Don McCullin on finding salvation in the countryside
A deeply personal survey of landscape photographs at Hauser & Wirth reveals the photographer’s long relationship with his home in Somerset and the fragility of our natural environment
‘I feel like [the gallery] only gave me this show because they thought I was about to die,’ quips Sir Don McCullin ahead of the opening of his new exhibition at Hauser & Wirth Somerset. After six decades of covering conflict, the 84-year-old British photographer words still pierce with the same steely earnestness as his images. This deeply personal survey spans his extensive travels across the globe, from painterly compositions of Somerset’s ‘metallic dark skies’ to the fragile Arctic landscape, colossal ruins in North Africa, sacred Indian and Indonesian locations, and meditative still lifes. Here, in his own words, McCullin candidly opens up about his enduring connection to the British countryside, losing control and the great challenge of landscape photography…
I owe something to Somerset because I came here when I was a child, about 80 years ago, as an evacuee during the [Second World War]. I spent a couple of years in Somerset, then went back to London and then I went somewhere else because my mother wanted to get rid of me. But I never forgot Somerset and about 36 years ago I returned. I had just been fired from The Sunday Times and I was in a very strange place, I was very depressed. I was sacked by a man called Andrew Neil [then-editor of The Sunday Times], who I don’t like, you might say.
Anyway, I found a house down here in Somerset. Because I lived on the hill outside of town, all you could see were the skies, but they were coming from the west where all our weather fronts are from. I [once] saw a collection of paintings by Constable in a private collection in Canada – he did a series of skies on small canvases. So the first thing I do when I wake up in the morning is to look at the sky and think [to myself] if there is a possibility that I can make a landscape picture today. And of course, some days there are, and some days there are not.
A shot in the dark
I don’t work in the summer, I only take pictures in the winter because the sky is much more expressive. I embarked on this landscape career in between doing the other weird things I do in photography. And I do this voluntarily – no one asks me to do it, no one pays me to do it. It’s me that makes myself do it. I started doing landscapes around 1990, and after all these years I’ve managed to put this collection together. I’ve printed every one of these pictures, so there’s a lot of me in these pictures, a lot of my integrity and a lot of my emotional thoughts. It’s a short history of my life for the last 80 years and it has been a great challenge for me.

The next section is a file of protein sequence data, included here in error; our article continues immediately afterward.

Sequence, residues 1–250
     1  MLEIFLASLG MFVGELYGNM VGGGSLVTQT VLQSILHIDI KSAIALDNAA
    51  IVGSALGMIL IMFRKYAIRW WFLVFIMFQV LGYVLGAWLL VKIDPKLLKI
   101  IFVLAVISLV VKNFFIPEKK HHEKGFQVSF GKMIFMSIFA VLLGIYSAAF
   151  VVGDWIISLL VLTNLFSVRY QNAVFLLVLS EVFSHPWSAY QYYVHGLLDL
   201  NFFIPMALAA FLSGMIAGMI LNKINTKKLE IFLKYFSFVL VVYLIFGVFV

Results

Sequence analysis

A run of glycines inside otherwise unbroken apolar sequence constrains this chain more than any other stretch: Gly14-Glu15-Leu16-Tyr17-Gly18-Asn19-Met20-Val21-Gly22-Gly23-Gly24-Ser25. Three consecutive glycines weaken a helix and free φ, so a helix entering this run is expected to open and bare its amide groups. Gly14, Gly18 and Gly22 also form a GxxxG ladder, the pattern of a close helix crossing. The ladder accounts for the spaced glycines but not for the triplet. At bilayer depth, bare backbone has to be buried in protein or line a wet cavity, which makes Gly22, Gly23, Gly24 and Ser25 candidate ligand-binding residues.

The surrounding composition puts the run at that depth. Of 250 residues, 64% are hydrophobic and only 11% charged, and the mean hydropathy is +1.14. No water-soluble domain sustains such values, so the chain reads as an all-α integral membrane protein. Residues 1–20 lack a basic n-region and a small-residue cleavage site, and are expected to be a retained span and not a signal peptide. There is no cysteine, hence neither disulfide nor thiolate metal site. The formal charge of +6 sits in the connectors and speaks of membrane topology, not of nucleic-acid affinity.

I’ve got 60,000 negatives, so in the past I’ve always jumped on the ones I thought were the best, and I pushed a whole swathe of them aside. Now I look at them and think that time helps the negative. You can look at a picture that was take in the 1960s and it appears as if it was taken 100 years ago. Time actually enriches these pictures and makes them look very historical.
Sight of the times
I’m just out of control, but it’s not negative out of control, it’s very positive. I have to be very careful I don’t become very offensive about it because people say, ‘What is he trying to do here? Is he trying to frighten us? Is he trying to please us?’ It’s both, really. I used to travel the world working for The Sunday Times, mostly to wars and revolutions. After I came home, I used to abandon my young family – which was very wrong of me – because I wanted to keep going. I was suddenly like a mad dog out of control.
‘The stillness of silence and sometimes my loneliness provoke my imagination, but, like the surrounding land, I am fighting to release the past in me’
I thought I have to do some English landscapes based on [photojournalist] Bill Brandt, a German emigré who came to England in 1933. He was quite wealthy so he would photograph things like maids in posh houses wearing pinnies. But then he would go to the North of England and photograph miners being scrubbed in aluminium bathtubs – I was a fan of his and started following in his footsteps. Thank God I did, because Northern England was a honeypot, it was full of riches. Still, I was indulging myself – in my conscious – on the back of other people’s misfortunes because I was photographing the underprivileged. Mind you, I came from an underprivileged background myself so I thought I knew and understood what I was doing.
The politics of nature
My work is, in a way, environmental, and it’s the same with the landscape [in Somerset]. Our biggest threat around here is that it’s desirable. So-called developers – who aren’t actually developers but are backward-thinking – want to build here and in the end they’ll ruin what we’ve all came to love. But people must have houses. There’s no doubt that my photography has got a political twinge to it, but I’m not clever enough to frame it with voice and mind – I do it better through pictures. But everything we love is under threat, really, the whole planet.
The landscapes are [political] because of the green belt. There are more than 60 million people living in this country now – where can they go? We can’t imprison them all in cities. Eventually we’re going to have to break out and take some of that land. The green belt was meant as a conservation area for our future generations but we are going to have to bite into it. But I’ll be dead by then, so it won’t bother me. Every time I leave London, I keep seeing another deadly threat: they’re called industrial parks, and they’ve got nothing to do with parkland. It’s a poncey name that’s trying to avoid the fact that it’s another blot on the landscape. §